My ethnographic research aims to understand how refugees and asylum seekers experience and manage informational privacy in their personal lives and the UK asylum system, incorporating and applying their experiences to theoretical, policy and design concerns around information management. It has been conducted through ethnographic engagement with Nottingham and Leicester-based NGOs, charities and aid organizations, as well as interviews with asylum seekers primarily from Syria and other Arabic and majority-Islamic countries.
Privacy concerns abound in the digital era, in which extensive amounts of personal data are routinely created, shared, and analysed. While the term is notoriously difficult to define (the ‘right to be let alone’  being a useful-enough shorthand), digital-era academic and legal discussions closely associate privacy with how we and the services we use manage our personal data. In these views, privacy is a tool to manage different relationships and public identities by selectively revealing and concealing information, and we know what to share and not based on our social convention . You share things with your doctor that you wouldn’t necessarily share with your friends, and keeping these conversations distinct lets you fulfill different, sometimes conflicting social roles. Privacy is also valued for how it allows people to take temporary breaks from social pressures and participate in democracy and political advocacy .
Yet the ‘man’s home is his castle’ ideal of being able to normatively keep to oneself, and engage with others on one’s desired terms, is not reflective of most people’s experiences presently or historically. This research proposes that to understand vulnerabilities, we should look to people in challenging circumstances. Many asylum seekers who traveled to Europe in recent years have used mobile phones and social media to plan and navigate their journeys . They come from cultures with different norms than those assumed by American and Western European-focused privacy literature. As they negotiate their public and private lives in their new homes, they use phones (and digital messaging apps like WhatsApp) extensively for everyday communications with a developing global diaspora. Their social media activity – particularly if political – come with the risk of dangerous consequences for their lives and the lives of family back home. Yet, despite assumptions in the privacy literature of information’s abundance, as asylum applicants seeking a right to stay legally in the UK, they often face challenges trying to ‘prove’ relevant personal facts about their lives, including who they are, where they are from, and the dangers they faced that prompted them to leave their homes.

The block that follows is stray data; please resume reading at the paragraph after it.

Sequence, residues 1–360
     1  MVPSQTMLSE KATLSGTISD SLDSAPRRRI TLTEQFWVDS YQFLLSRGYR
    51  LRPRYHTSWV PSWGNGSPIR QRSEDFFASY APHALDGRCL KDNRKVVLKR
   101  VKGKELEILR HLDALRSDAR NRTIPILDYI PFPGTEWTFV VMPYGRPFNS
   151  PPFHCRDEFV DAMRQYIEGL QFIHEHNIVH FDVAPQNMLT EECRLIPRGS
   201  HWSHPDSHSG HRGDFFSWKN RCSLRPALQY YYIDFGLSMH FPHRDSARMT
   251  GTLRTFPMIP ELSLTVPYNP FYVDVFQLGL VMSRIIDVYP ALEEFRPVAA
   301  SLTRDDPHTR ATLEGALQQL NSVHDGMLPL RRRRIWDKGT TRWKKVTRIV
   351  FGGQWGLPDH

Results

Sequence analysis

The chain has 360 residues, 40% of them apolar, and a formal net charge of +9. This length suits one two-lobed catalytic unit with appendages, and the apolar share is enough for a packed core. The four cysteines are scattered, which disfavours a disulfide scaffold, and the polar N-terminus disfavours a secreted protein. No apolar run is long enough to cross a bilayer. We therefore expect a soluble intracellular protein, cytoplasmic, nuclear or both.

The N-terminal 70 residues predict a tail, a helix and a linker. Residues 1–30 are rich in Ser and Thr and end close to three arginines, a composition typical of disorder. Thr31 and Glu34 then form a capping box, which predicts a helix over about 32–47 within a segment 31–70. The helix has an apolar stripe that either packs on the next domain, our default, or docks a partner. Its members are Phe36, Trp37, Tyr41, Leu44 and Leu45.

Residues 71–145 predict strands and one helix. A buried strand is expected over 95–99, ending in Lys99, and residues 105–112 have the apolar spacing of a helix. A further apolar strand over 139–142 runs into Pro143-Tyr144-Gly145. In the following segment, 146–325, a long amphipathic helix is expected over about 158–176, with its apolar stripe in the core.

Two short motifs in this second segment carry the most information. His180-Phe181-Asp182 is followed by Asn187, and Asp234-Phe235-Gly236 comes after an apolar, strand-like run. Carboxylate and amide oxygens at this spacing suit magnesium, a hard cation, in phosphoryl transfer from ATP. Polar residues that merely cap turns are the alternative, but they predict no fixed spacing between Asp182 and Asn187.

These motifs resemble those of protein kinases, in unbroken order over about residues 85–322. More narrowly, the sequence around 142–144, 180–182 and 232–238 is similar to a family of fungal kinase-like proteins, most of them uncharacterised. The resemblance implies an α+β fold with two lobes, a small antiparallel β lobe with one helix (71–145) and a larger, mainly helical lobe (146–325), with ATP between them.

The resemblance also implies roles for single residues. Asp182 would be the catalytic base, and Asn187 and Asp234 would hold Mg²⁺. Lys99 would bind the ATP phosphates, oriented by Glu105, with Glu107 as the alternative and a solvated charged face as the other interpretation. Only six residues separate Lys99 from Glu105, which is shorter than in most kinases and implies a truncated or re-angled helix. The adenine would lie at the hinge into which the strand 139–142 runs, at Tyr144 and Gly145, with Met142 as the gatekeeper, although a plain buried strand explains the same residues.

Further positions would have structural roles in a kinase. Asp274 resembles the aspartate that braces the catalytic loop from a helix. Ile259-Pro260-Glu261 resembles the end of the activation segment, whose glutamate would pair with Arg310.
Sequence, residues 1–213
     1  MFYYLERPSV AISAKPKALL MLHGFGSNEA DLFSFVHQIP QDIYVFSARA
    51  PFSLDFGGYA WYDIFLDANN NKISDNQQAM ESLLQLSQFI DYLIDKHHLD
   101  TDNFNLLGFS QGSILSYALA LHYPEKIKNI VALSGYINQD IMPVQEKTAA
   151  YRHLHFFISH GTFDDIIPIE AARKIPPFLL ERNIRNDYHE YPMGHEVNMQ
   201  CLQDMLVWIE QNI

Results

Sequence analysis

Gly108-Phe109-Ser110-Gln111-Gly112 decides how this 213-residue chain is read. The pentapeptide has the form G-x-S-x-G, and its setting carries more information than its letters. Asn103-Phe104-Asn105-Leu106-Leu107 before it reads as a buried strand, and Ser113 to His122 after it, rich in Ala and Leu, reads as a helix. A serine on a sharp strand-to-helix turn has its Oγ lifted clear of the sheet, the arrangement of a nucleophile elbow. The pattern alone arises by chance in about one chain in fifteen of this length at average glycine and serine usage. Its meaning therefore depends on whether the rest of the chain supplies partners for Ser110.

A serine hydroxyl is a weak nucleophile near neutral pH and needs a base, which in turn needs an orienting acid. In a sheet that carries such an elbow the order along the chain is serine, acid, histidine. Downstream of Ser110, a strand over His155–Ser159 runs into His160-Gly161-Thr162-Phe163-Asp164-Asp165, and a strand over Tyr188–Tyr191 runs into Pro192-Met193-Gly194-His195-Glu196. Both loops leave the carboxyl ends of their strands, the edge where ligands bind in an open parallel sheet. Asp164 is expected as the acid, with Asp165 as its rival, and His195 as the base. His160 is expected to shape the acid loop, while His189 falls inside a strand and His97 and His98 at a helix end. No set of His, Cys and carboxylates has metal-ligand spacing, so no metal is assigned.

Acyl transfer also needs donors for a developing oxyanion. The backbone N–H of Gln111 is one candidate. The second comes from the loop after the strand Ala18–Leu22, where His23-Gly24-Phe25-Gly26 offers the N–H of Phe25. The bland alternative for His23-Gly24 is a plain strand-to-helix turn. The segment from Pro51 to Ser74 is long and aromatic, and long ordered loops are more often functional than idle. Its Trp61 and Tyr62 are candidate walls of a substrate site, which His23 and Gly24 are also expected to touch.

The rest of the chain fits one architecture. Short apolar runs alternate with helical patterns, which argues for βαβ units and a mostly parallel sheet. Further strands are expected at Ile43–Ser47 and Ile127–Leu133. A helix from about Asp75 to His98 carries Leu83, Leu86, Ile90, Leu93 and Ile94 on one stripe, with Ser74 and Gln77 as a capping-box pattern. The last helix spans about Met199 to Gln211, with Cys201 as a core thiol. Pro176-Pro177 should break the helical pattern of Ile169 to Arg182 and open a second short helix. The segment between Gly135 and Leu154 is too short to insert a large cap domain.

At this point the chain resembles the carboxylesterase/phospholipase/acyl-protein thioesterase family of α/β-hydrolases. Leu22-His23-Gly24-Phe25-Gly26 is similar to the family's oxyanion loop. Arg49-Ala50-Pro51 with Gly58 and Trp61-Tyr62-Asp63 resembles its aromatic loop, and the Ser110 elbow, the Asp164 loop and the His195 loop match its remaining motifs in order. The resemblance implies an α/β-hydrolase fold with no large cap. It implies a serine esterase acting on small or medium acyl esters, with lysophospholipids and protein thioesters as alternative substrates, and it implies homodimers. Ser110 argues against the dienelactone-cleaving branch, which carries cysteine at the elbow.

Refugees’ and asylum seekers’ experiences test how privacy ideals and practices operate in challenging, real-world circumstances, and this research offers empirical evidence to support effective personal information management in diverse situations on and offline.
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Gillespie, M., et al. 2016. Mapping refugee media journeys: smartphones and social media networks. Research Report: The Open University / France Medias Monde
This author is supported by the Horizon Centre for Doctoral Training at the University of Nottingham (RCUK Grant No. EP/L015463/1) and Open Rights Group.